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Obtaining Meta-data about Database Table Columns Sep 22, 2020 by Robert Gravelle

Certain relational databases, including MySQL and SQL Server, have an INFORMATION_SCHEMA system database. It contains database metadata, such as the names of databases, tables, the column data types, and even access privileges. It's also sometimes referred to as the data dictionary or system catalog. Regardless of how you refer to it, the INFORMATION_SCHEMA database is the ideal place to obtain details about table columns. In today's blog, we'll use the INFORMATION_SCHEMA database to find out whether or not a column exists and how many columns a particular table has.

Viewing the INFORMATION_SCHEMA database in Navicat

Being a system table, you won't be able to see the INFORMATION_SCHEMA database unless you explicitly tell Navicat to show it. To do that, add the INFORMATION_SCHEMA database to the Databases list defined within a database connection:

edit_connection_dialog (75K)

That allows us to open the Columns table in the Table Designer or Viewer:

INFORMATION_SCHEMA_columns_table (250K)

The sheer number of columns should give you some idea as to what types of information we can obtain from the Columns table.

Note: the INFORMATION_SCHEMA is a read-only database, so you can't make any changes to its structure or contents.

Introducing the Column Count Query

The Columns table may be queried like any other to look up information about table columns. Here's the basic syntax to do so:

SELECT count(*) AS anyName FROM information_schema.columns 
WHERE [table_schema = 'yourSchemaName' AND] 
table_name = 'yourTableName'; 

The table_schema is the database in which the table resides. It's not crucial to the query, but in cases where you have more than one database with the same column name, it filters results to that particular database table. In a situation where you maintain multiple copies of the same database, the column count will be for of all tables with the same name.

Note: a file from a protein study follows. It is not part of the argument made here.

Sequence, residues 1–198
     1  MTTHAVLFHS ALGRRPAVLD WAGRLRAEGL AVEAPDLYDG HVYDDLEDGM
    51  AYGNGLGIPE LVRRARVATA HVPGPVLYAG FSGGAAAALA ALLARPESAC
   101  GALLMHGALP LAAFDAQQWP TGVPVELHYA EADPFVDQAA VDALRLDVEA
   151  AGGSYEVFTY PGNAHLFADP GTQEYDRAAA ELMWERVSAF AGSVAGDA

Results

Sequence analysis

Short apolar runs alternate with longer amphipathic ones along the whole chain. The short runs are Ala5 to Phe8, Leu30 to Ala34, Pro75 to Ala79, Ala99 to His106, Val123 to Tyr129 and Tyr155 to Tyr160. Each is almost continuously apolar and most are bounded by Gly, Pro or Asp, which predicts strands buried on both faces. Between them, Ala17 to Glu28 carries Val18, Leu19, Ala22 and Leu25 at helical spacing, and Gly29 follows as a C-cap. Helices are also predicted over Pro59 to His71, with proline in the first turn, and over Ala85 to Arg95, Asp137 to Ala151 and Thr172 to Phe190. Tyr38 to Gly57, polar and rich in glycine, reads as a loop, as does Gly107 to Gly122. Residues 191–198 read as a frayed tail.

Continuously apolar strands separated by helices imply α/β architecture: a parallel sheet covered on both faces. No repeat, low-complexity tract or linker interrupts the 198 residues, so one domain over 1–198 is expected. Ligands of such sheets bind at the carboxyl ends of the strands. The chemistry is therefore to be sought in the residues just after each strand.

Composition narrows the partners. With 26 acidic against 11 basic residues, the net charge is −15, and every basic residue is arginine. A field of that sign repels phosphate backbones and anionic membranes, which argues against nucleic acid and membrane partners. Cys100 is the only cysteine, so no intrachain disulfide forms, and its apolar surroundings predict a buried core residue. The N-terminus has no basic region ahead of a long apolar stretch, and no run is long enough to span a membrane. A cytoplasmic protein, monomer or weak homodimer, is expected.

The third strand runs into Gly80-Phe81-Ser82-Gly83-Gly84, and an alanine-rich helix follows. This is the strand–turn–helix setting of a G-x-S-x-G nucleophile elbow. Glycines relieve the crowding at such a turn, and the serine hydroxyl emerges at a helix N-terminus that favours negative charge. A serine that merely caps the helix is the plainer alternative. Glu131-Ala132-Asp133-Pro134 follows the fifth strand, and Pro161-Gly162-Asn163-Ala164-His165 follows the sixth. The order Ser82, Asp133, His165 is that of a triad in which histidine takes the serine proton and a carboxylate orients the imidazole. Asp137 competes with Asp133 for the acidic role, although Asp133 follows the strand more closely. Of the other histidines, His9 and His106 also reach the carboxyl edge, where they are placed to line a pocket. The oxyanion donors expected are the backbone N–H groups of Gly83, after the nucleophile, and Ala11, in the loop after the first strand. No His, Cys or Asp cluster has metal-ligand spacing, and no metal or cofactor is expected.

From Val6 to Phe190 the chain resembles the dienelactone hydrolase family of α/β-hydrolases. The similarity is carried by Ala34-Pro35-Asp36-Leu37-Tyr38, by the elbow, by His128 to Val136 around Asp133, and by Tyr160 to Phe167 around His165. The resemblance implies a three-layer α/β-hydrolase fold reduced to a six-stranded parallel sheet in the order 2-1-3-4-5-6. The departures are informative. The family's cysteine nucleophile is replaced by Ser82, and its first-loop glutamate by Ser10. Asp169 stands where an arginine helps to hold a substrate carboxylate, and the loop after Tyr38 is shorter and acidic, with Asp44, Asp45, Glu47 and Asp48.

For instance, I have four copies of the Sakila database:

MySQl_connection_databases (24K)

As a result, when I run the query without the table_schema, I get a column count of 51, which is on the high side!

select_column_count_of_film_table (34K)

Specifying the table_schema in a more accurate column count of 12:

select_column_count_of_film_table_with_schema (40K)

If we now open the film table in the Table Designer, we can confirm that 12 columns is correct:

film_table_design (87K)

Determining Whether or Not a Column Exists

In a dynamic application, you may want to look up information about a column, including whether or not it exists. Here's a query that lists every instance of the "title" column, along with meta-data about each of them, including which schema and table it belongs to, as well as details such as the default value, data type, and maximum length:

finding_column_info (166K)


In today's blog, we learned how to utilize the INFORMATION_SCHEMA database to find out whether or not a column exists and how many columns a particular table has.

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